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Randy Gaul

DirectX/Directsound and Hotloaded Code (Reloading DLLs at Run-Time)

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Posted (edited)

Does anyone have any insight or experience with DirectX or Directsound in terms of hotloading C/C++ code? I have a lot of code running inside of a DLL that gets hotloaded at run-time frequently. I've noticed that if I attempt to initialize and setup either DirectX or Directsound within the DLL I seem to hit undefined behavior.

My best guess so far is that these APIs are using some static memory somewhere to implement COM interfaces (like pointers sitting in static memory, but initialized at run-time). For example if I reload my DLL DirectX seems to mostly work, at least locally, until Present is called, which results in a strange NULL pointer access violation within d3d9.dll (from one of my GPU vendor's driver threads).

So far the only workaround I've been able to get working is to initialize DirectX/Directsound from within my main executable and pass along associated pointers to my reloadable DLL. This sort of sucks though, since personally I was hoping to keep these technologies localized to the DLL and avoid extra header inclusions for the executable.

Anyone tried experimenting with this sort of thing before?

Edited by Randy Gaul

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Sadly I don't have any experience with DirectX or Directsound dependent modules hot-loading. In my work we are using some hot-loaded modules which are DLLs (whole project is in C - which makes some things a lot more simple, and also we have certain rules what these modules should do).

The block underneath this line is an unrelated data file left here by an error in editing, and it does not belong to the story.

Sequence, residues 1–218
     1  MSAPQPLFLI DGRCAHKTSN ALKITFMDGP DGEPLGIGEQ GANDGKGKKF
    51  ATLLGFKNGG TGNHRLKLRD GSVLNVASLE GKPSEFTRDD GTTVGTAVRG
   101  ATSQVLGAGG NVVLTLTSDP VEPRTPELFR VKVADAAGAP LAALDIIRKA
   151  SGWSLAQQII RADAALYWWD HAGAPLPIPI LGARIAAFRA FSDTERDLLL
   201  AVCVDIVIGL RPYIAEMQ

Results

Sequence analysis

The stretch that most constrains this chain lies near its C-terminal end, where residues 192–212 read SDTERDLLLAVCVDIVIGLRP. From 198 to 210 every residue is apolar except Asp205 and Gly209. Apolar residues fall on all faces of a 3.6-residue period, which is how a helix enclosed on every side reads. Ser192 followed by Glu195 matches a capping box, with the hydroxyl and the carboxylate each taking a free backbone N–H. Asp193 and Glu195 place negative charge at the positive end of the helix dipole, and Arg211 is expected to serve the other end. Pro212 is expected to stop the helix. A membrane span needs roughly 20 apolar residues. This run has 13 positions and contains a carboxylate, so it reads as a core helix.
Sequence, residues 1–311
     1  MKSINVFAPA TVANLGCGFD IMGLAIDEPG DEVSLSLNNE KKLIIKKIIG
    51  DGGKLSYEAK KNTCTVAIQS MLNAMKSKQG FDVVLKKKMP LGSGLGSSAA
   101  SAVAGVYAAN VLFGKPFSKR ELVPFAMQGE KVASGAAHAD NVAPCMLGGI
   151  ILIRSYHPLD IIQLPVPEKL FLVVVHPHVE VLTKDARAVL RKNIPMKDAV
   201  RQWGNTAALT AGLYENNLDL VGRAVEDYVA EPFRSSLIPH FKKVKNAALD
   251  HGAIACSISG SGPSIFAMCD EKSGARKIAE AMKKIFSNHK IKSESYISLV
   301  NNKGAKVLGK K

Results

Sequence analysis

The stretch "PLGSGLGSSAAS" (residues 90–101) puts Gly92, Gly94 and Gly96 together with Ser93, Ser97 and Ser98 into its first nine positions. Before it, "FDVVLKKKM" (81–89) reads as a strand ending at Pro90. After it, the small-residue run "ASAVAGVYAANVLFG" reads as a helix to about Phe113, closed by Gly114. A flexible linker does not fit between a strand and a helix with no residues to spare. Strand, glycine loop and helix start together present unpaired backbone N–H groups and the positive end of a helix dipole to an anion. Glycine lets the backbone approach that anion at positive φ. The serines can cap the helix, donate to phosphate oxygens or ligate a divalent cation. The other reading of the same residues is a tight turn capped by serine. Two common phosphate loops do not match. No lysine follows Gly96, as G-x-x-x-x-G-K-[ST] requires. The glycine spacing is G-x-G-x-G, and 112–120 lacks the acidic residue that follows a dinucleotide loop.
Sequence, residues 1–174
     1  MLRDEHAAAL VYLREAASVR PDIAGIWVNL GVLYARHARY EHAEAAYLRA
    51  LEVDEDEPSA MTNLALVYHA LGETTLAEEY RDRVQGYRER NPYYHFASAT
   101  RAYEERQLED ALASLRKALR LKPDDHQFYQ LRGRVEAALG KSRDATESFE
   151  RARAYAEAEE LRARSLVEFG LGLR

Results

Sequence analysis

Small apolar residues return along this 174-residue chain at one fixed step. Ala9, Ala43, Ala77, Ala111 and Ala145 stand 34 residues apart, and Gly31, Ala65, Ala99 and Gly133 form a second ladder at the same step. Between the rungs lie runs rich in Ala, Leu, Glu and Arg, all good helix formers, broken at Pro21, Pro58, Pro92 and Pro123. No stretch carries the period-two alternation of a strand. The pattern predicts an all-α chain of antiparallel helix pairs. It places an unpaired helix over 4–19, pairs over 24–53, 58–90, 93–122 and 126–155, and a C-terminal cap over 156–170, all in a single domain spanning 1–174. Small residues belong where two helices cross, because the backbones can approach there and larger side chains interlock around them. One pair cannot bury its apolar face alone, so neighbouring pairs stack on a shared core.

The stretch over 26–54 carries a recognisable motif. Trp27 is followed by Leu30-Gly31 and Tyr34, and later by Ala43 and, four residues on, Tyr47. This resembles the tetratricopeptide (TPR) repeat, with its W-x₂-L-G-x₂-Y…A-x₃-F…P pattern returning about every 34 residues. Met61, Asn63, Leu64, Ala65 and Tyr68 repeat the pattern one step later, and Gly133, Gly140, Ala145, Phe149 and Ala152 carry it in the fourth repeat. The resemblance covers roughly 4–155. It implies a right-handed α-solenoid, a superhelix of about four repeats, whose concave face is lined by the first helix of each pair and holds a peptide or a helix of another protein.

You generally (when using hot loading) need to make sure that there are no direct references to code in memory (address will change with recompile). Everything that would use function pointer needs some kind of "dispatch table". These summarizes some rules we had for those modules - generally if we ever wanted to use 3rd library inside, we were asked to dlopen/dlclose it ... and use dlsym to obtain pointer to any function it calls. I can imagine this might cause quite a mess with virtual functions.

As those modules were mainly just dumb loaders or "simple" procedures that were called on data - it is a simple case compared to yours.

 

I have never tried or heard of hot-loading DLL that would implement the renderer itself (to be honest I never thought of it!), while I can imagine that this may actually work with Vulkan (where you are able to obtain all function pointers to Vulkan functions dynamically), I don't think it will be that easy with Direct3D.

 

Although it definitely sounds like an idea worth trying (You probably just stole the weekend from me!).

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Thing is with OpenGL I’m loading up all functions with GLAD (a bunch of loadprocaddress calls). This seems to work just fine. But with DX and DS I’m not really sure how one would pull out all the functions, since they’re all these wacky COM interfaces. And even if this succeeded, there still might be some static memory used within the APIs that had been cleared to zero due to the DLL reload. This would all be simpler to test out if I knew how to loadprocaddress on all the DX/DS functions I need.